I can honestly say that nothing is as uncomfortable, dangerous, and hurtful as believing that I’m standing on the outside of my life looking in and wondering what it would be like if I had the courage to show up and let myself be seen.
Dr. Brené Brown

Asserters are the rational, courageous and decisive leaders who have a high need for power and like to be in control. According to the late Harvard psychologist David McClelland, they are the engineers who build our skyscrapers, and the generals who fight and win our wars. At their best, they are charismatic and charming. Famous Asserters include Dr. Martin Luther King, Frank Sinatra, Jack Welch, Napoleon, and Serena Williams.

However, just like with achievement and affiliation, there is a dark side to power. Asserters have difficulty saying “I’m sorry” and asking for help. They are very uncomfortable letting their guard down and saying “I don’t know,” which often leads them to turn others off, and away, when they actually crave connection. Their Leadership Shadow is a “Fear of Betrayal,” which leads them to be controlling and skeptical under stress, and makes the very thought of being vulnerable painful, if not excruciating.

In the spirit of full disclosure and transparency, I am an Asserter. I know this style and dynamic very well – the good and the bad. In fact, it was my Asserter Style (my words, not his) that led the late Dr. Jerry Harvey to give me an “A” on my paper, but an “F” in life. The purpose of this blog is to examine the “Fear of Betrayal Leadership Shadow” and to offer an antidote for this dilemma: assurance.

Assurance is defined as a “confidence or certainty; vow, oath, pledge.” This is where highlighting the “Fear of Betrayal Leadership Shadow” can be tricky. While Asserters appear to have supreme confidence, deep down they often lack genuine, quiet conviction that comes from healthy self-esteem. As such, they often mask their fears and insecurity with supreme assertiveness, but underneath the bluster is insecurity and self-doubt.

Understanding the Origins of the Fear of Betrayal Leadership Shadow

Some Asserters often report feeling betrayed or out of control early in life. Other Asserters may have had a string of professional or personal (or both) wrongs or betrayals that cause them to be cautious and highly skeptical. The more betrayals we’ve experienced, the more we remain on “high alert,” which creates distance instead of connection. The bottom line is that the less predictable, loving and stable our past relationships have been, including those with parents, teachers, friends and lovers, the darker our “Fear of Betrayal Shadow” is likely to be.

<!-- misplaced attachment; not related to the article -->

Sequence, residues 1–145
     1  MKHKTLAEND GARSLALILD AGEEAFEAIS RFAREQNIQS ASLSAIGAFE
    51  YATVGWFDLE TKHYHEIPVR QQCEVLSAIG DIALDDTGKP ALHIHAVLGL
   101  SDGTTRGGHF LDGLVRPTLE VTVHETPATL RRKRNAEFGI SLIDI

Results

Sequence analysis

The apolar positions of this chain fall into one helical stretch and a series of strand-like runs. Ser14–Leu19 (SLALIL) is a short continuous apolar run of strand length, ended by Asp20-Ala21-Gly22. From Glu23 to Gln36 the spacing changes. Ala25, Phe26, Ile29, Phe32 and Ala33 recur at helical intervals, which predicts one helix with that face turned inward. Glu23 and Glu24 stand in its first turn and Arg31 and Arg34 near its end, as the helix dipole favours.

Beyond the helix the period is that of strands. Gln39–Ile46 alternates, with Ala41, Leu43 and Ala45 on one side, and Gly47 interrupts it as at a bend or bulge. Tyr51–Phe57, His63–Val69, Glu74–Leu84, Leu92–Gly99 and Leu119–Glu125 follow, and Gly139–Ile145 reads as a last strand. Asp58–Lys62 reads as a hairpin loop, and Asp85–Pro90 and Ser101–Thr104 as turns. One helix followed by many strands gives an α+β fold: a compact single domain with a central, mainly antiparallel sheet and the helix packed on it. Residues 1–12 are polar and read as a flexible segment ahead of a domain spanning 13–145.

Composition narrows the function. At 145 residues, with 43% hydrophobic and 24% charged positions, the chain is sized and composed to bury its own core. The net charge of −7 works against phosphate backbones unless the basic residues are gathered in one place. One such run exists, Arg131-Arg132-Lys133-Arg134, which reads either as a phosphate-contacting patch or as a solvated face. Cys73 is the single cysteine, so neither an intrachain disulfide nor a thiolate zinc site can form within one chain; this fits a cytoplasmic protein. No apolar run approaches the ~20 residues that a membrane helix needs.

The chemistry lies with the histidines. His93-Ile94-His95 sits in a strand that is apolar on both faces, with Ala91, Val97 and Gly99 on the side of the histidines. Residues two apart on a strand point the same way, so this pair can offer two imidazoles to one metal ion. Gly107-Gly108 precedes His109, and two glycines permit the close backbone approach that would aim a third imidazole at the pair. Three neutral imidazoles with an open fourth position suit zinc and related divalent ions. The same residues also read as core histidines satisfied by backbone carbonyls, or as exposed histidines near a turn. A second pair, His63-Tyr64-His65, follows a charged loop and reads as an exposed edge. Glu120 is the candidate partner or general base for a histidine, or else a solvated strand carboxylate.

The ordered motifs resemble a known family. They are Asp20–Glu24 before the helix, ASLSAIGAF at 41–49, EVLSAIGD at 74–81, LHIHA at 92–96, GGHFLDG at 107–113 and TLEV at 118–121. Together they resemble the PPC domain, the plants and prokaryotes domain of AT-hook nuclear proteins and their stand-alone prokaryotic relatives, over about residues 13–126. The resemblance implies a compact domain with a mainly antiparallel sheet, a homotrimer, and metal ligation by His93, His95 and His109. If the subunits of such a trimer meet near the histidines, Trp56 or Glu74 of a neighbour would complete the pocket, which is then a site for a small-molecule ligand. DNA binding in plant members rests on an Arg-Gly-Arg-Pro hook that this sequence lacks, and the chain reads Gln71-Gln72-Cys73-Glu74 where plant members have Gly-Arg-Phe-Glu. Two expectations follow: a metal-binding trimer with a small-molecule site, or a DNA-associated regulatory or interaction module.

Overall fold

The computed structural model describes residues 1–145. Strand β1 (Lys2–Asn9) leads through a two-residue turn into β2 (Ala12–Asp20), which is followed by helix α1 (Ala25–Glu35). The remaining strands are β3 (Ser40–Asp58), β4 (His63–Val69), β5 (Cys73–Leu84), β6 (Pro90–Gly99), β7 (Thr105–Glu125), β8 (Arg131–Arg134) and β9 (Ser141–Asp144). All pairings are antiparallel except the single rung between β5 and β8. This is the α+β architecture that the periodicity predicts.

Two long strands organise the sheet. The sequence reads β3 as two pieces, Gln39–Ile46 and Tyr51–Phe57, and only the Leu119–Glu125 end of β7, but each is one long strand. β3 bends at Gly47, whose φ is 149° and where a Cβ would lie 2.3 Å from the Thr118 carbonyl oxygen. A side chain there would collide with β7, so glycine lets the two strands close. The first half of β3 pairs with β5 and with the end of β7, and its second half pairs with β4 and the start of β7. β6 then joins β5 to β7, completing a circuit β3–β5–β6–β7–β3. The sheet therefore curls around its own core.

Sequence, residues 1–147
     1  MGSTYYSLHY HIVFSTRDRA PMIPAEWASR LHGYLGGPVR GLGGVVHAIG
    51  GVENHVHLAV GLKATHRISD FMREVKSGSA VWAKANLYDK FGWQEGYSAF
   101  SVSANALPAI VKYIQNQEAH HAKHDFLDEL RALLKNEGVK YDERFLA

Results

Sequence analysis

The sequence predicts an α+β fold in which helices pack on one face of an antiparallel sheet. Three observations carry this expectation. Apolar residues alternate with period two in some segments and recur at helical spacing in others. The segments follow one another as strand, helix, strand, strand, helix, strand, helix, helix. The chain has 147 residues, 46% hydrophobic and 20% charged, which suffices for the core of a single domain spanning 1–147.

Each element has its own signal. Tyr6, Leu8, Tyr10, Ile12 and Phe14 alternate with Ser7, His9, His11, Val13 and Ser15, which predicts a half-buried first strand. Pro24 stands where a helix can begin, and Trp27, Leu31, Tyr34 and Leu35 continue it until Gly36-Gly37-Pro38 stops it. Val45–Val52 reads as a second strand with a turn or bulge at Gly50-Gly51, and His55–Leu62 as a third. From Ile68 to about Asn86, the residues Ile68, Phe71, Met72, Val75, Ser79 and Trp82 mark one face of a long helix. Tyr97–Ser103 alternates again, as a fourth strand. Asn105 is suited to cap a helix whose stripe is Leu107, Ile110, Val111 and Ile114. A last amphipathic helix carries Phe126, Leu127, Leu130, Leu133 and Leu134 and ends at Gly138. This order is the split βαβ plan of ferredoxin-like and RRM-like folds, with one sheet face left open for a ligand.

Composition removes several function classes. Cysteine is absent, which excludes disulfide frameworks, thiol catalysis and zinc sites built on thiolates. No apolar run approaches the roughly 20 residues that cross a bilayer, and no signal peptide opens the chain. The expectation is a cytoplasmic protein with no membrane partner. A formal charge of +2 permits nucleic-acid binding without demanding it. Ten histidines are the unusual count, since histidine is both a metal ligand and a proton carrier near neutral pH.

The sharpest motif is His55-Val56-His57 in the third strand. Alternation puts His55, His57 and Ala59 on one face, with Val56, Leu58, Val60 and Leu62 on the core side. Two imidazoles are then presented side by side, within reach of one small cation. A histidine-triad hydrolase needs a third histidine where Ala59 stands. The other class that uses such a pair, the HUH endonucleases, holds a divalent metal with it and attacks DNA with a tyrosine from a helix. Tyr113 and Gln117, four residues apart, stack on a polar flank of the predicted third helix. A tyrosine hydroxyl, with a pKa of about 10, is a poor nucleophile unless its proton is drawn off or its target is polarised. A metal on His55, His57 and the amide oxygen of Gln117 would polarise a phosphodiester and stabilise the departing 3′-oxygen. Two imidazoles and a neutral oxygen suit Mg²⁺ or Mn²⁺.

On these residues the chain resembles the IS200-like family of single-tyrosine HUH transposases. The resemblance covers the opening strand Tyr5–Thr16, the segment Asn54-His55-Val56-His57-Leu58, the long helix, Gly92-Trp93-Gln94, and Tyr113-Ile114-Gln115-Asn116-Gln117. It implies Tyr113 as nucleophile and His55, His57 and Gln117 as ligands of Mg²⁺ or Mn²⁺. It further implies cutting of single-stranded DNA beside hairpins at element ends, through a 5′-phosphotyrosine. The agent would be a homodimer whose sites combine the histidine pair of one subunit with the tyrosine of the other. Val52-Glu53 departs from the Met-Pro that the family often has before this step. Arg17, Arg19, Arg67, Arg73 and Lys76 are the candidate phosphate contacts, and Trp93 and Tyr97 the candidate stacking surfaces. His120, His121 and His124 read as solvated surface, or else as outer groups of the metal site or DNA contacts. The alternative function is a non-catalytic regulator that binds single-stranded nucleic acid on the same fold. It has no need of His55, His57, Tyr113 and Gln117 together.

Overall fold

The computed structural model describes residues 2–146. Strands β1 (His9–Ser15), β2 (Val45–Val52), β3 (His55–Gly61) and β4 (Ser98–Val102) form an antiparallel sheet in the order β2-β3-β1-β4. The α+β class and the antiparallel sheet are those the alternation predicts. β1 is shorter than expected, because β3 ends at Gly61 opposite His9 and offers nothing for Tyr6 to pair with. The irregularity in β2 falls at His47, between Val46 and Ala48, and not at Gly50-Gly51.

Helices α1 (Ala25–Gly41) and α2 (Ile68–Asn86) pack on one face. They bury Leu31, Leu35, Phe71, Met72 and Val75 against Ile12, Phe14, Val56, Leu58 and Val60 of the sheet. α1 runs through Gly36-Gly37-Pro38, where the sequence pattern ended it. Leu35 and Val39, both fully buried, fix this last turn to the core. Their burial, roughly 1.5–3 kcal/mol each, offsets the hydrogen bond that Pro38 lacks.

Why Vulnerability Matters

Being vulnerable is critical because it allows us to connect with others in a genuine and authentic way. If we are unwilling to be vulnerable, we limit the quality of our relationships with others. Period.

It’s difficult to explore vulnerability without considering courage. The word “courage” comes from the Latin word “cor,” which means “to tell the story of who you are with your whole heart.” Isn’t that powerful? When was the last time you stepped into vulnerability to tell your story with your whole heart? What would become possible for you if you lived and led with this degree of courage, and vulnerability?

Meeting and Managing Your Fear of Betrayal Shadow

  1. Confront your fear of vulnerability – This process starts with coming to grips with how uncomfortable it feels to let your guard down and be vulnerable. Take heart that you are not alone in this fear, and that you have the power to step into vulnerability and survive.
  2. Admit that it hurts to feel rejection, judgment or indifference – Acting like a negative response from another doesn’t bother you is counterproductive. It’s perfectly acceptable to “own” that feeling. But, resist the temptation to build up walls to protect yourself. Sadly we realize (often too late) that these barriers for protection have become the walls of our prison cell.
  3. Forgive others, and yourself – If you have a “Fear of Betrayal Shadow” it is because you have been wronged. However, you must make peace with the past and forgive (not condone) others, and yourself, so that you can move forward and step into your highest potential.
  4. Remove people from your life who cannot be trusted – You deserve better than putting up with others who betray your trust or act in bad faith. Clinging to these relationships will ultimately bring you down. Walk away.
  5. Practice – Getting comfortable with meeting your “Fear of Betrayal Shadow” is a process, and it takes practice. I can promise you that the more willing you are to experience vulnerability, the more comfortable you will become with it. This is not a one-and-done deal; take your time and give yourself permission to practice, and to be less than perfect.

When we face our “Fear of Betrayal Leadership Shadow” and embrace the fact that we can experience vulnerability without the world falling apart, we regain the control we so desperately crave. By developing the emotional resilience to experience vulnerability, we no longer feel the need to run away from or shut down our emotions.

A quote from Brené Brown set up this blog, and I think it appropriate to close with another quote from her. She states that “when we shut ourselves off from vulnerability, we distance ourselves from the experiences that bring purpose and meaning to our lives.” She reminds us that we cannot selectively “numb” the negative emotions – fear, anger, sadness, remorse – without numbing our entire being, including joy, love, happiness and gratitude. Cultivating a sense of assurance allows us to have a confident expectation in the outcome of experiencing vulnerability. And whether the outcome is a positive, receptive response, or rejection, we can quietly and peacefully know that it is better to have been true to ourselves and lost, than to have never been seen at all.